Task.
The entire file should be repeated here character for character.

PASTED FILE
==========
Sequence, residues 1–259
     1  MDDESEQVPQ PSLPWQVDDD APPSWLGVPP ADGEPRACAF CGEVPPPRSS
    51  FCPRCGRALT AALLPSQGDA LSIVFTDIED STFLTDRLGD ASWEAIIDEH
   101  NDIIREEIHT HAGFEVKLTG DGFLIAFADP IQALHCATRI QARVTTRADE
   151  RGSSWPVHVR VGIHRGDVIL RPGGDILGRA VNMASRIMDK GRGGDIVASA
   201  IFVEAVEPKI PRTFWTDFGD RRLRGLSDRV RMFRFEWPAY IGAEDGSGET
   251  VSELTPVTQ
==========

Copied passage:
Sequence, residues 1–259
     1  MDDESEQVPQ PSLPWQVDDD APPSWLGVPP ADGEPRACAF CGEVPPPRSS
    51  FCPRCGRALT AALLPSQGDA LSIVFTDIED STFLTDRLGD ASWEAIIDEH
   101  NDIIREEIHT HAGFEVKLTG DGFLIAFADP IQALHCATRI QARVTTRADE
   151  RGSSWPVHVR VGIHRGDVIL RPGGDILGRA VNMASRIMDK GRGGDIVASA
   201  IFVEAVEPKI PRTFWTDFGD RRLRGLSDRV RMFRFEWPAY IGAEDGSGET
   251  VSELTPVTQ